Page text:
Laundry Detergent Pod Toxicity

Detergent Pods


We have discussed previously how poisonings (Childhood Injury) is one of the top leading causes of death in children.  Obviously, knowing your friendly, neighborhood toxicologist or the number to the local Poison Control Center is very helpful when working in the Pediatric ED, but it is also helpful to know some of the basics and what items should raise your concern level.  Some of the most colorful and fun-looking household items can induce substantial injury and illness in children.  Let us look at an interesting one: Laundry Detergent Pod Toxicity.


Childhood Poisonings

  • In the US, > 300 children / DAY require treatment for poisonings. (CDC)
  • Over 50% of all ED visits for poisoning were for children <4 years of age. (Nalliah, 2014)
  • The majority of poisonings are unintentional in young children.
  • Over 90% of exposures occur in homes.
    • Bleach is the most common exposure.
    • Primary mechanism of exposure is ingestion.


Laundry Detergent Pod

  • Single load capsules that contain concentrated liquid detergent within a water-soluble membrane. (MMWR, 2012)
  • The water-soluble membrane dissolves once contacted by moisture (like a toddler’s mouth).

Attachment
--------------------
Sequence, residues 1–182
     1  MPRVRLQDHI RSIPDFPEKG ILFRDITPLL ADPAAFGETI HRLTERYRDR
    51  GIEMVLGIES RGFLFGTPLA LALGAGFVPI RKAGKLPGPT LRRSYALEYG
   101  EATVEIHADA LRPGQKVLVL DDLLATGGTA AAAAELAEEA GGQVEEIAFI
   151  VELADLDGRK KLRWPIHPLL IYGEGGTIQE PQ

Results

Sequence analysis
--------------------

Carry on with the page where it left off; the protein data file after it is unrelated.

• In 2012, 48% of the detergent exposures involved the pod variety.
  • 22% of pod exposures were associated with inappropriate storage! (Valdez, 2014)
  • The laundry detergent pod causes slightly different presentations than non-pod exposures.
    • Pod exposure occurs in younger children (5 years of age and younger).
    • Pod exposure has a higher likelihood of leading to symptoms.


Laundry Detergent Pod Toxicity: Route

  • Ingestion – most common
    • Laundry detergent pods are more likely to be ingested than other non-pod varieties. (MMWR, 2012)
    • Accounted for at least one of the exposure routes in 90% of the laundry detergent pod toxicity cases.
  • Eye exposure – 17%
    • Causes an alkaline injury! (Whitney, 2015)
    • Irrigate with copious isotonic saline until pH has become neutral.
  • Skin exposure – 11%
    • ~2% has noted 2nd and 3rd degree dermal burns (Russell, 2014)
    • Remember to expose children and remove contaminated clothing.
    • Rinse thoroughly!
  • Inhalation – 1%


Laundry Detergent Pod Toxicity: Symptoms

  • Pod exposure and non-pod exposure lead to many of the same symptoms: (MMWR, 2012)
    • Eye irritation and pain
    • Nausea
  • Pod exposure does lead to some symptoms more commonly than non-pod exposure: (MMWR, 2012)
    • Vomiting
    • Coughing/Choking
    • Drowsiness/CNS Depression
      • Unclear what the cause of the CNS depression is due to from the pods.
      • Seen in ~1 – ~8% of cases. (Stromberg, 2014)
      • Combination of altered mental status and possible pulmonary injury has lead intubation, although infrequently.


Moral of the Morsel

  • Laundry Detergent Pod Toxicity can cause CNS depression!
  • It is important to ask specifically if the exposure was to one of these pods.
  • It is important to do some injury prevention
    • Remind parents to keep colorful and candy-appearing items locked up and/or out of the sight and reach of children!!



Whitney RE1, Baum CR, Aronson PL. Diffuse corneal abrasion after ocular exposure to laundry detergent pod. Pediatr Emerg Care. 2015 Feb;31(2):127-8. PMID: 25422858. [PubMed] [Read by QxMD]